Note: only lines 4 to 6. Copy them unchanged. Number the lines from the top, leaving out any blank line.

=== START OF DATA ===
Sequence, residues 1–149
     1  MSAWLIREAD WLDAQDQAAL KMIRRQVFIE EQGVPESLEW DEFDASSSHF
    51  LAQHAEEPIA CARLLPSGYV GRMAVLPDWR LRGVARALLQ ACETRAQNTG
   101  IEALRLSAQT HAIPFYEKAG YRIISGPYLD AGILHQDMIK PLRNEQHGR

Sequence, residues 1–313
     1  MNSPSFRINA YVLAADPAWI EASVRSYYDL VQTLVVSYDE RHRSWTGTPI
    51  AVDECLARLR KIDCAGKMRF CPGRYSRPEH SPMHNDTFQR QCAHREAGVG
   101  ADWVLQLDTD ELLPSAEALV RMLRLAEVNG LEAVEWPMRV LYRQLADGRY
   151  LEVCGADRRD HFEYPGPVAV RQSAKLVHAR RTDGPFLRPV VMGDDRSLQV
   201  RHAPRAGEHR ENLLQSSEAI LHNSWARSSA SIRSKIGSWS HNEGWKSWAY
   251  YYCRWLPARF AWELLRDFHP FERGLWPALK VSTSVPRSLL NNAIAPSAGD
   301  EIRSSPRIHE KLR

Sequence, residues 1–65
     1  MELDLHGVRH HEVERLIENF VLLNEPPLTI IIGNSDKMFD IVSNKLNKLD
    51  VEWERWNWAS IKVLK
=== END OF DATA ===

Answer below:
   101  IEALRLSAQT HAIPFYEKAG YRIISGPYLD AGILHQDMIK PLRNEQHGR

Sequence, residues 1–313
     1  MNSPSFRINA YVLAADPAWI EASVRSYYDL VQTLVVSYDE RHRSWTGTPI